Though the cabins are cozy, the outdoors beckons with activities that range from cider pressing (using apples, pears, and other fruits from the ranch’s orchards) and sapphire panning (a seductively addictive pastime) to fishing of all sorts, hiking, archery, ATV rides, winter dogsledding – the list goes on. The resort’s all-inclusive pricing means you can try myriad activities (and meals and cocktails) with no surprises at checkout.

Horseback riding draws many guests, particularly my group of women. Most of us met for the first time at a welcome cocktail reception, where we toasted our cowgirl weekend with huckleberry lemon-drop martinis, made with Triple Creek’s berries. The women ranged in age from mid-thirties to mid-sixties, from the U.S., Canada, and Germany, and while most had equestrian experience, a few of us had ridden only occasionally.

Guests come for the adventure, scenery, escape, the chance to disconnect (there’s Wi-Fi but no cell service) – and the food. Chef Jacob Leatherman’s menus source local ingredients: Lunch might include buffalo pastrami and grilled quail croque monsieur sandwiches; for dinner, pan-roasted cod with fava beans and leeks or braised pork cheek with caramelized mushrooms, all paired with wines from an impressive cellar.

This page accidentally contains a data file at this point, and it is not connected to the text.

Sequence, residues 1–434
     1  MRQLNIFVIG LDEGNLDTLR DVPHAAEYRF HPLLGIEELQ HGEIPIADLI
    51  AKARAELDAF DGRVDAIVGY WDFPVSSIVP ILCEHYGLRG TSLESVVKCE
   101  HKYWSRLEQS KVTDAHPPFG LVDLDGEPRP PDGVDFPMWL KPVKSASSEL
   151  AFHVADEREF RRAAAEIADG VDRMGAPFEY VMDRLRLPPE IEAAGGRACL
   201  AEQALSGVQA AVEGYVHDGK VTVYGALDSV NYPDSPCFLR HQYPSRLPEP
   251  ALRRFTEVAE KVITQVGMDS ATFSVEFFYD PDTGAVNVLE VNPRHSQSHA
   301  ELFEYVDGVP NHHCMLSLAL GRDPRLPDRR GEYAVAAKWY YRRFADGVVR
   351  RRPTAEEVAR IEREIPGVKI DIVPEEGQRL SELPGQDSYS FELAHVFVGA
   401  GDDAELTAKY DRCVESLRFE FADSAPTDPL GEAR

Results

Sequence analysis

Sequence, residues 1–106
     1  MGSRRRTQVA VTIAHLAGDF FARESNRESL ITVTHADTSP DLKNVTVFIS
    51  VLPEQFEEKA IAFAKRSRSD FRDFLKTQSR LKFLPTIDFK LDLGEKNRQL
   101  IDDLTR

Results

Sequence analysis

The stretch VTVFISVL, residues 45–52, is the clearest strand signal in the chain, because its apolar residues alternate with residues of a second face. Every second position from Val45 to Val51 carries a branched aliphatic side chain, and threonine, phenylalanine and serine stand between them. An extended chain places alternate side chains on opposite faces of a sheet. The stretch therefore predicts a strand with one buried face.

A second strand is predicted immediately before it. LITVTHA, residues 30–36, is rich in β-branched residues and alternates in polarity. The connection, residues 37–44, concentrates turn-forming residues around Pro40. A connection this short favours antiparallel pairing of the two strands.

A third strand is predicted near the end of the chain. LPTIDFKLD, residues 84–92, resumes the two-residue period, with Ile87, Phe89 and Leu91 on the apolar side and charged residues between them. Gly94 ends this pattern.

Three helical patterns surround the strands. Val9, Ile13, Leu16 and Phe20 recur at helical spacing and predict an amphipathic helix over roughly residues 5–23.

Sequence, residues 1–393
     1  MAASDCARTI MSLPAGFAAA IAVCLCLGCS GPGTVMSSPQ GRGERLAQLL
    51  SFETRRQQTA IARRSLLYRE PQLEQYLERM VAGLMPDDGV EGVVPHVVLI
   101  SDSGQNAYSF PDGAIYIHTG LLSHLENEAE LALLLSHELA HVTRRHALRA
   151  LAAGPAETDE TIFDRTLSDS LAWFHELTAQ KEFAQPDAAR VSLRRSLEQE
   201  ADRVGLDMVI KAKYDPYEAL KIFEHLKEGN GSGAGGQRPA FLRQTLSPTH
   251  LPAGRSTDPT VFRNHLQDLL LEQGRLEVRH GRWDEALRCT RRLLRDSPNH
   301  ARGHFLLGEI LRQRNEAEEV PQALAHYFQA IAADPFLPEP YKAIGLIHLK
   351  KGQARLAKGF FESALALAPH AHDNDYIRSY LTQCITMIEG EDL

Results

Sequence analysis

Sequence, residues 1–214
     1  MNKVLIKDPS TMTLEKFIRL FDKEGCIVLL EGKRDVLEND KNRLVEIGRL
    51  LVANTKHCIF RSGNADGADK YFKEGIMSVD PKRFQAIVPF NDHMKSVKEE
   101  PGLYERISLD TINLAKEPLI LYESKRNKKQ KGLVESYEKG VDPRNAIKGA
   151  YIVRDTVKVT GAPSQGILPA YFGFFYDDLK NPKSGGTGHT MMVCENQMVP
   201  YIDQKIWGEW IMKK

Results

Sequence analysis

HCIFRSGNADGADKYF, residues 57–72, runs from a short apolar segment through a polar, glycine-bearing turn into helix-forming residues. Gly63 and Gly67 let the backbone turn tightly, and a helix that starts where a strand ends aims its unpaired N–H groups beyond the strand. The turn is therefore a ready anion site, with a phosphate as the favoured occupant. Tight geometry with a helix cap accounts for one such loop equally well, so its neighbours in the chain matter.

In the morning, we donned loaned dusters, chaps, hats, and gloves, and saddled up. Two wranglers paired us with horses based on our abilities. Tonto must go easy on beginners, because he got stuck with me. Barbara Barrett, who owns Triple Creek Ranch with her husband, Craig, led the way. We started out slowly, picking our way past gleaming aspens as Barbara pointed out flora and fauna, and related area history. Over the course of our ride – up to 36 klicks a day – we crossed the Continental Divide, followed the path of the Lewis and Clark Expedition, and learned about the flight of the Nez Perce Indian tribe in the late 1800s. One day we stopped for lunch – grilled chicken, chops, and fish; piping-hot chowder; skillet cornbread – prepared by the chef and his team, who camped out in the woods overnight so they could set up before we arrived. Though we shared lots of laughs, there was time for reflection and taking in the beauty of our surroundings. Bald eagles soaring overhead added a certain majesty.

I must admit to a bit of a girl crush on Barbara, whose impressive résumé (ambassador to Finland, United Nations advisor, Harvard fellow, at least a dozen board posts, pilot, astronaut trainee, one-time candidate for Arizona governor, philanthropist) means she can tell some remarkable stories. Craig, retired chairman and CEO of Intel, is an equally charming host. The couple invited our group to their home for a farewell dinner, and spending time with them was a highlight of the visit.

But then, it was a trip of highlights: the sense of accomplishment after a day of riding; the natural beauty; the camaraderie of supportive, funny, smart women. The reward of returning to a cabin where homemade cookies and trail mix awaited with a bottle of wine and a roaring fire, soaking in a hot tub surrounded by pines, and, finally, crawling into that big log-post bed at night’s end. Giddyup, girlfriends, and let’s do it again. 

If you'd be interested in working with a Virtuoso travel advisor to plan a trip to Triple Creek Ranch (or Montana in general), click below to connect.